Using story drama to link language and literacy, social studies, and drama
I love drama. They love pretending. I love reading. They love listening, and interrupting to tell me their thoughts, feelings, and reactions to what I’m reading. I think research skills are great. They think magic is cool. I like inspiring them to write. They like using their pencils as swords. I have a big, big library. They have a crowded portable classroom. Great. Let’s get to fun. Work.
This activity was born out of our desire – the Grade 4 teacher and mine– to create a partnership that will blend drama and research skills, writing skills and a love of literature, art appreciation and their social studies unit on medieval times. And could we also throw in some discussion around character education? We created a story drama unit centred around the beautiful picture book The Spyglass by Richard Paul Evans.
The story drama begins before the story is read, during library time on a March morning. The king strides into the library, wearing a ﬂowing cape over her librarian’s garb, and announces in a grandly affected voice to the audience of 10-year-olds: “I, King So-and-So of the great Western kingdom, do hereby welcome you all to my lands. As my loyal subjects, you all have important roles in the success or failure of my kingdom. But I ask you this: Who are you? What skills do you have? What tools do you require? For I demand that all of my subjects shall be gainfully employed. Thus, I command you, go thither and seek out a job which beﬁts your talents in this our present age, Such-and-Such A.D.”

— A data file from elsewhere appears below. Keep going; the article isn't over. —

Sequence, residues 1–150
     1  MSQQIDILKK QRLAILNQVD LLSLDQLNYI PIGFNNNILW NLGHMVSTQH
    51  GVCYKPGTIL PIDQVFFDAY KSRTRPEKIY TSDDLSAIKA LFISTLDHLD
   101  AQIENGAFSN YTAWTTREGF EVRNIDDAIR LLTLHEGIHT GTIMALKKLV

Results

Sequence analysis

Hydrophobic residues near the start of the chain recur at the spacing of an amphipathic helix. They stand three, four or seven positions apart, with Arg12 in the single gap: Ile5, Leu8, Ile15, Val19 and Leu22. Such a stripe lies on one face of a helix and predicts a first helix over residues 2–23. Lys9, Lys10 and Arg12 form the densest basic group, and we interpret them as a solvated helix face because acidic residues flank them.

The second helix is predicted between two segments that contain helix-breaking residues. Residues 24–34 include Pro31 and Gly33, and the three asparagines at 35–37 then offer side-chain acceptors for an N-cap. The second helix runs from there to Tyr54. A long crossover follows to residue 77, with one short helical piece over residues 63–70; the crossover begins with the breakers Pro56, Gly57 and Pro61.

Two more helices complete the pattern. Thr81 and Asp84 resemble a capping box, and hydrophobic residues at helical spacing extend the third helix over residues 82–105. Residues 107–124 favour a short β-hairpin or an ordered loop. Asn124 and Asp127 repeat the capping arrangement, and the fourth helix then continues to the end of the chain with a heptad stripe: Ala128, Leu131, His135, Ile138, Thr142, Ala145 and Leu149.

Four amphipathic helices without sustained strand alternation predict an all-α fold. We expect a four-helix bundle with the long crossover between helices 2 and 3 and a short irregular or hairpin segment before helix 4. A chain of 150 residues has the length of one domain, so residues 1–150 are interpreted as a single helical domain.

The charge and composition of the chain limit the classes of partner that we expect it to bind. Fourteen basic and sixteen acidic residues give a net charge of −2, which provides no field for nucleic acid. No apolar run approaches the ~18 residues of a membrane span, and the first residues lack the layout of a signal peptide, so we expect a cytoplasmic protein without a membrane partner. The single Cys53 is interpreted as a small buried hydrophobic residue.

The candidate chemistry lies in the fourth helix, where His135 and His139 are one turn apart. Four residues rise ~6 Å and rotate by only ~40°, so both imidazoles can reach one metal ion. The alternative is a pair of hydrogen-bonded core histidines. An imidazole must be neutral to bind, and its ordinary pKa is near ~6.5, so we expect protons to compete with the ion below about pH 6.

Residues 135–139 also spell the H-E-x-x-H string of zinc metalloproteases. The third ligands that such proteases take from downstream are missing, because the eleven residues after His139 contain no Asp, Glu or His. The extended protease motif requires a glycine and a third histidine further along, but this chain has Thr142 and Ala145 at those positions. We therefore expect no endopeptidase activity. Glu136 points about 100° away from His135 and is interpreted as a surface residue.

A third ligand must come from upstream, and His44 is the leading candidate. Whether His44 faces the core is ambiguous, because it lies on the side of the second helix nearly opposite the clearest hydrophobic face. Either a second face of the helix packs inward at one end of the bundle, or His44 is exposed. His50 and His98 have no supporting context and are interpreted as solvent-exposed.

Removing her cape, the teacher-librarian directs the astonished villagers to the research tables, upon which she has set a variety of books on medieval times. She divides them into groups and instructs them to ﬁnd and record possible jobs held by medieval commoners, what these jobs entailed, any tools they required, and perhaps where in the village they would ﬁnd these people.
The villagers return to their classroom with the seeds of their medieval identities and in their journals they reﬂect: how did they locate the necessary information in the books provided? What did they learn about medieval society as they researched? Was this research task easy or difﬁcult to do?
When they return to the library, the king is waiting. One at a time, they enter into the drama, kneeling before the king and saying, “Sire, I am your humble servant So-and-So, a miller,” or, “Your Majesty, I am Who-and- Who, a dairymaid, at your service.”